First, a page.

Every commentator looks at evidence from a personal perspective. My perspective was formed in Houston from 1980-1999 as an attorney/partner at Vinson & Elkins LLP, the largest law firm in Texas. Governor Connally was a retired partner at Vinson & Elkins during that time. He filed bankruptcy in 1987. His failure was followed shortly by he failure of Vinson & Elkins’ major client, First City Bancorporation. Heavily involved in the oil business and in the real estate deals the oilmen acquired in the name of “diversification” First City found itself on the brink of failure in 1988.
The loans began going into default in 1983 and followed the slow decline of Houston’s economy. Houston’s unemployment rate remained at just below 10% from 1985 to 1995. Employment in Houston’s central business district dropped from 155,000 in 1985 to 137,000 in 1990. Skyscrapers built during the boom years remained empty – “shotgun” buildings (you can fire a shotgun through the lobby and not hit anyone).
In 1988, 279 banks failed or received assistance from the Federal Deposit Insurance Corporation (FDIC), the highest number in recent U.S. history. Of that total, 214, or 76.7 percent were in the Southwest, with 174 in Texas alone. Included in the 174 banks were the 60 subsidiary banks of First City Bancorporation of Texas, Inc. First City was a major Texas-based bank holding company. The FDIC provided assistance of 1 billion dollars to in 1988, part of a plan to sell the bank group to a group of investors headed by A. Robert Abboud, an Arab American who has been actively involved in the oil industry.
Abboud had resigned as President of Occidental Petroleum in 1984 to become active in the banking industry. He was forced to resign as Chairman of First National Bank of Chicago, but was able to put togther a group of investors to rehabilitate First City with the assistance of the FDIC.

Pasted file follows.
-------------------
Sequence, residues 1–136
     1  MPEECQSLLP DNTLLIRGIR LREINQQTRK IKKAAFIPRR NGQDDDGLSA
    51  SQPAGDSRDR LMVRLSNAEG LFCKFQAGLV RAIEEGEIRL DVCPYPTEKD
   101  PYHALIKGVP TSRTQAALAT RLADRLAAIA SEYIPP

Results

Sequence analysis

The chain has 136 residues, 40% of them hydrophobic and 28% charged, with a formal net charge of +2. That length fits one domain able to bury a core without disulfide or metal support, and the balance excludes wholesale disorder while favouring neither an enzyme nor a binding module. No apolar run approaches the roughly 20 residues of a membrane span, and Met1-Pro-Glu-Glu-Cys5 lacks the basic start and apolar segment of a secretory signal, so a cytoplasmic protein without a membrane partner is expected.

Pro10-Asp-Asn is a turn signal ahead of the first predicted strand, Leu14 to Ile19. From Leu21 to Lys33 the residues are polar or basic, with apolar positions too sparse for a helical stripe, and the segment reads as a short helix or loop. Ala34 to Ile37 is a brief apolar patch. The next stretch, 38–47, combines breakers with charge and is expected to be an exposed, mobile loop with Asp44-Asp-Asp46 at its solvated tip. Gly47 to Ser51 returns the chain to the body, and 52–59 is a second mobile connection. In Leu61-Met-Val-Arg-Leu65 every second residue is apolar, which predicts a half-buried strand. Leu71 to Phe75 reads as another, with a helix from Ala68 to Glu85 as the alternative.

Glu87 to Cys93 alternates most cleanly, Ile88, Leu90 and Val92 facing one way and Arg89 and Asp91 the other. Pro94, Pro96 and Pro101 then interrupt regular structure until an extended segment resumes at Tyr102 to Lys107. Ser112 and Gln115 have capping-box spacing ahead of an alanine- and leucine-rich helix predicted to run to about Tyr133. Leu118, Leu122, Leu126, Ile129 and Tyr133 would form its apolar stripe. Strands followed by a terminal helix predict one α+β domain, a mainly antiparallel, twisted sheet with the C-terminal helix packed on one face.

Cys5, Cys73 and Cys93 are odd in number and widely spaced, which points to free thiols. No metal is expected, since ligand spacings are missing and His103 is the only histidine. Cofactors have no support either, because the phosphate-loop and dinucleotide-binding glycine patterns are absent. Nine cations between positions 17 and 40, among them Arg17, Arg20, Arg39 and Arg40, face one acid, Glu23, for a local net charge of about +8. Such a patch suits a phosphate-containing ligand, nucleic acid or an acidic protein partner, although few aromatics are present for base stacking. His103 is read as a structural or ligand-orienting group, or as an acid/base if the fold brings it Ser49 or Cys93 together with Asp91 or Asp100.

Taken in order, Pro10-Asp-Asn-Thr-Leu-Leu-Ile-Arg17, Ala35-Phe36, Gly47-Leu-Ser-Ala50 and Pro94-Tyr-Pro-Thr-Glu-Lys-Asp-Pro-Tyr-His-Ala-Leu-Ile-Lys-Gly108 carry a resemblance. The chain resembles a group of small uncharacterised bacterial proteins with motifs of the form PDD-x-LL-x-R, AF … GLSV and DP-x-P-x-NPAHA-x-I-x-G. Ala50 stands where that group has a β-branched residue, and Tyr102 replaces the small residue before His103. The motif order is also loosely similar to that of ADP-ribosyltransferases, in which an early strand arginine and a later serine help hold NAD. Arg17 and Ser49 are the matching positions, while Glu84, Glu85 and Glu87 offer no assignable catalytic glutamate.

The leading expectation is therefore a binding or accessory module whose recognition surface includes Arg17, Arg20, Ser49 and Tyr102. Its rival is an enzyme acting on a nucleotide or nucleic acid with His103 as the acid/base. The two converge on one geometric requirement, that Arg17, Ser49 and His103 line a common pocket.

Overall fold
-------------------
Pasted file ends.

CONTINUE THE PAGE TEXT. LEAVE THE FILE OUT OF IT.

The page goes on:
The Abboud acquisition closed in 1988. By 1990, First City was once again in trouble. http://www.fdic.gov/bank/historical/managing/history2-05.pdf/ The stage was set with all the players- the participants, the victims, the facilitators, the people who had the most to lose.
And what of the Texas oilmen? The assassination gave birth to a rash of conspiracy theories involving the Evil Texan. They were accused coconspirators in literature (“Executive Action” by Mark Lane) and in film (“JFK by Oliver Stone). The Texas oilman became an arch-villain, a right-wing extremist who operated outside the law.
The real oilmen like H.L. Hunt found themselves the subject of death threats – threats that only increased when Robert Kennedy and Martin Luther King were assassinated.
Their state, Texas, began to run out of easily accessible supplies of the black gold. Drilling costs increased as drillers had to go ever deeper to hit pay dirt. Texans began to look to other states – other countries for their livelihood. And once they left the borders of their friendly state they became subject to the whims of other politicians, other forces. The Hunts met their match in Gadhafi, who seized the Libyan operations of Bunker Hunt’s partner British Petroleum in 1971.
The oilmen’s heirs became the spoiled rich kids, indulging in exotic foreign spouses (the di Portanovas) who eventually triggered embarrassing public battles over their inheritances while splurging on exotic cars and racehorses. They branched out into unprofitable ventures like the silver market and the food business.
In 1972 Big Oil began to desert the Democratic party – the party of LBJ. While Johnson (now out of office) was recovering from a heart attack the Hunts, the Klebergs and other famous Texans gathered not at the Del Charro but at the Picosa Ranch, home of Johnson’s protégé John Connally, to meet and greet Richard and Pat Nixon. The meeting led to the formation of “Democrats for Nixon” and Connally’s desertion of the Democratic Party. The defection caused an earthquake in Texas politics. Ralph Yarborough, a lifelong Democrat, said it was the first time he saw “a rat swim to a sinking ship.”